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Theodore Te, the spokesman, told the media that the court will continue its deliberations on November 8 whether or not Marcos deserves a space in the hallowed cemetery reserved for revered soldiers and past Philippine leaders.
On August 23, the tribunal decided to delay the ruling for 20 days, or until September 12, Xinhua news agency reported.
At the conclusion of the oral arguments last September 7, however, the court again extended the status quo order to October 18.
A status quo order may be issued by a court to prevent any of the parties involved in a dispute from taking any action until the matter is resolved.
President Rodrigo Duterte, a close friend of the Marcoses, allowed the transfer of Marcos body from his home province of Ilocos Norte to the heroes' cemetery here, drawing both criticisms and support from Filipinos.
Groups against the burial have filed petitions, urging the court to stop the plan to bury Marcos in the cemetery.
The Marcos family and supporters also filed petitions to counter the claims of the anti-Marcos groups.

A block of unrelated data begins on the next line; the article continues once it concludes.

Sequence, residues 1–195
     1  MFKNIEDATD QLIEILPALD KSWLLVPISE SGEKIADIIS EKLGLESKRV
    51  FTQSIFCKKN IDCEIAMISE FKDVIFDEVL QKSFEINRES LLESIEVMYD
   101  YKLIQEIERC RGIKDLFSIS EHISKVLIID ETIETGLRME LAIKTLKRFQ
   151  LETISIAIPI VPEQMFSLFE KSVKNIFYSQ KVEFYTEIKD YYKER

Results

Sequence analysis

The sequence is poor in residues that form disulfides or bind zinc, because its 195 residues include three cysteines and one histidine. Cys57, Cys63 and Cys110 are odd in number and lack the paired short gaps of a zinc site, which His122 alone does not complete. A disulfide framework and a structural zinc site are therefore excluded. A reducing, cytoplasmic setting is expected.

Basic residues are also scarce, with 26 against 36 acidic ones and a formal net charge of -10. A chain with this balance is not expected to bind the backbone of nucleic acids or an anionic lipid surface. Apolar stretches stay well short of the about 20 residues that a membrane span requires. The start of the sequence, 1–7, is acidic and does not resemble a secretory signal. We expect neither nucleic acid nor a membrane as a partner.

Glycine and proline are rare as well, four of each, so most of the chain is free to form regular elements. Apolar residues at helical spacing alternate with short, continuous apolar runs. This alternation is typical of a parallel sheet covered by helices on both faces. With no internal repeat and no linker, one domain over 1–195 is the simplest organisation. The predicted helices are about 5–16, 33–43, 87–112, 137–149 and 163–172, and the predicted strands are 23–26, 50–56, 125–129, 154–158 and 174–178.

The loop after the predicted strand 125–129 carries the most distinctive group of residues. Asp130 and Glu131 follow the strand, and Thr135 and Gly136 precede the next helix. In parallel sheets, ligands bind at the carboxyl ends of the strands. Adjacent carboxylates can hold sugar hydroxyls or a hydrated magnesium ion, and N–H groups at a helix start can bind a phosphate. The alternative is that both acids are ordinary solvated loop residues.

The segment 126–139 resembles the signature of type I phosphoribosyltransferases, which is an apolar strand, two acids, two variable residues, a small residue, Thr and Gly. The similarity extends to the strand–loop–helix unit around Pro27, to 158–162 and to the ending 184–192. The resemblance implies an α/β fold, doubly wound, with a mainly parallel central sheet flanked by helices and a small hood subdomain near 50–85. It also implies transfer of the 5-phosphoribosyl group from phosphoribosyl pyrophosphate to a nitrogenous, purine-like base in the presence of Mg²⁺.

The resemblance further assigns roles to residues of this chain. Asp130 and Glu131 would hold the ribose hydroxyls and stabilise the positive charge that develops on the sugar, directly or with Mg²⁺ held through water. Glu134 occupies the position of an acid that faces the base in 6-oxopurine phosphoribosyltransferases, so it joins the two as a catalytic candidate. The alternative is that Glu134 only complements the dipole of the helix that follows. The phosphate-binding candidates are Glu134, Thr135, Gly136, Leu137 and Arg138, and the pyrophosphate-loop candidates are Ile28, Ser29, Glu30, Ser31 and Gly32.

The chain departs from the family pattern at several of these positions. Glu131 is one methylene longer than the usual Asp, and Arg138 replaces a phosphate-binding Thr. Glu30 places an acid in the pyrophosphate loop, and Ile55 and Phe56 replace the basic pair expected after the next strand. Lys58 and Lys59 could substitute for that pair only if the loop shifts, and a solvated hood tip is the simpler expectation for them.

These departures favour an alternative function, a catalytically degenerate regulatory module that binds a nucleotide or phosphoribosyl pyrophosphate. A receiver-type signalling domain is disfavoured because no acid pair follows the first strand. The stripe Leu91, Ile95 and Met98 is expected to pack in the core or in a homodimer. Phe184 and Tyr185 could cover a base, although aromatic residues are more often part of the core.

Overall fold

Marcos was elected in 1965 but overthrown in 1986 when millions of Filipinos, backed by the military, took to the streets to protest the dictator's corrupt administration. He died while in exile in Hawaii in 1989.
His body, which was brought back to the Philippines in 1993, is now on display inside a glass box in an air-conditioned mausoleum beside the family's ancestral home in Batac, north of Manila.
The Marcos family, pleading for an "honourable burial", had lobbied the government for Marcos' remains to be interred at the heroes' cemetery in Manila.
But the anti-Marcos and human rights groups had opposed the plan, saying the disgraced leader does not deserve a military honour and a plot in the hallowed ground.
(This story has not been edited by Business Standard staff and is auto-generated from a syndicated feed.)